Saturday, 20 February 2016

St George's Church, Cullercoats, North East England, UK

St. George's, Cullercoats North TynesideEngland was built in the 19th century French Gothic style. An amateur video is at the foot of this page.

Looking over the North Sea, beacon-like, it was designed by the church architect John Loughborough Pearson and built in 1884 by the 6th Duke of Northumberland

The church, in particular its impressive spire of 180 feet was used as a navigational aid by the fishermen of Cullercoats as well as by major shipping approaching Tynemouth in times gone by.

Restoration work on this church has included the replacing of dangerously corroding stonework, roof repairs and the cleaning of some of the stained glass. The church is a Grade I listed building.

The organ was built by Thomas Christopher Lewis in consultation with William Rea the Newcastle City organist, and was dedicated a mere three months after the consecration of the church in February 1885.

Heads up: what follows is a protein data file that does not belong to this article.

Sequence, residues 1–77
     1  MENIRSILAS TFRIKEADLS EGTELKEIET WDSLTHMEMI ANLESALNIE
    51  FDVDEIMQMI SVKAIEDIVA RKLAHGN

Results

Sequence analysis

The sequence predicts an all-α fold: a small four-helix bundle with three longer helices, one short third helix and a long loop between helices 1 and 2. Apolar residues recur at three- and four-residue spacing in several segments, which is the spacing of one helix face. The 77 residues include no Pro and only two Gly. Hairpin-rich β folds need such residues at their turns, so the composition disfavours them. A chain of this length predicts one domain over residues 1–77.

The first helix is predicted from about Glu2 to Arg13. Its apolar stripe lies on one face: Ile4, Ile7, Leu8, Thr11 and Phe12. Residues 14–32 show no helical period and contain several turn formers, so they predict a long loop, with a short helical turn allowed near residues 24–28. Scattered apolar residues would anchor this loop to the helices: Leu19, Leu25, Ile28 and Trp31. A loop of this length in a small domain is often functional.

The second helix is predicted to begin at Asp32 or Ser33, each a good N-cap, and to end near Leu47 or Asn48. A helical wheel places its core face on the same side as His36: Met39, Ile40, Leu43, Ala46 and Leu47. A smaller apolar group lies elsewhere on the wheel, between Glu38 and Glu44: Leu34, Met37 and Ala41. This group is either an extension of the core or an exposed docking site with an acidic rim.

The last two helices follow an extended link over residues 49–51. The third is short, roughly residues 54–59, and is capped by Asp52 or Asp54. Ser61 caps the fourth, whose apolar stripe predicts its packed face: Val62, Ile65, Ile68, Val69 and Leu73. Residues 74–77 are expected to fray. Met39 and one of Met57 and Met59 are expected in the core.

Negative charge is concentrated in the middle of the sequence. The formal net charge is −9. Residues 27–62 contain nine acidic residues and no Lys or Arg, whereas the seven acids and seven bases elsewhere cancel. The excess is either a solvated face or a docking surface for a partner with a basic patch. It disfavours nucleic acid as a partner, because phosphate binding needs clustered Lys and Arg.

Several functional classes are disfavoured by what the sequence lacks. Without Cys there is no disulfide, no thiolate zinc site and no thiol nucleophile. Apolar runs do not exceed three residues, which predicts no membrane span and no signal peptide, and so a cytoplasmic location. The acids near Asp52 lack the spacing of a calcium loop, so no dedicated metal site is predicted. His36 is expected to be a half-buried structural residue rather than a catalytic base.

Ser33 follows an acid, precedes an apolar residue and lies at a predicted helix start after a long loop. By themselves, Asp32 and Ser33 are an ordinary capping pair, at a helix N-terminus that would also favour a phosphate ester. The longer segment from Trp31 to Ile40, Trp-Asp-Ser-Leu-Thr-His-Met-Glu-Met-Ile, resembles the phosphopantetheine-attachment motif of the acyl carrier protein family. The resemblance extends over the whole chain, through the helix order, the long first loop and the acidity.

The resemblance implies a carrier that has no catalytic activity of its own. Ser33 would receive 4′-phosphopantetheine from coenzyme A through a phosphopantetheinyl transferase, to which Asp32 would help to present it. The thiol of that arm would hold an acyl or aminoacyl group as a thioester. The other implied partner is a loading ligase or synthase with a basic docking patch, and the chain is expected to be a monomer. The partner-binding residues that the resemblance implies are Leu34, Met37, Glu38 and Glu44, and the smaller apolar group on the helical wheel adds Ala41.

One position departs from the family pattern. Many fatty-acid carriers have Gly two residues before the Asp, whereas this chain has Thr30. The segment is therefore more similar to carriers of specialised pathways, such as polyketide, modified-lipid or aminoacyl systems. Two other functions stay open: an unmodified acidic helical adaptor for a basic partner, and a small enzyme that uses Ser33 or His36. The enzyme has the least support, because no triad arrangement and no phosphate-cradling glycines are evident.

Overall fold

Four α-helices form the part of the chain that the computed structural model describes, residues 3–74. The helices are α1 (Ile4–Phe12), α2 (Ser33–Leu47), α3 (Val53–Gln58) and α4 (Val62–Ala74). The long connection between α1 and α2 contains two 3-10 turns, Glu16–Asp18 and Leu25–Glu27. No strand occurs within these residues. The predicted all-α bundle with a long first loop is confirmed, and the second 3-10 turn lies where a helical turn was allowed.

It stands in the South Transept, directly under the tower, facing North, with a generous amount of free space around it. From this position, its commanding voice can be heard in all parts of the building without loss of impact, even with a full congregation.

The church has four fixed bells which are struck by hammers operated by bell ropes from the ringing chamber.

Due to the construction of the building it can not take the strain of swinging bells. Two of the bells' hammers require repair (damaged due to wear and tear 2005). The smallest bell is most used as it has a second pulley in a more convenient location.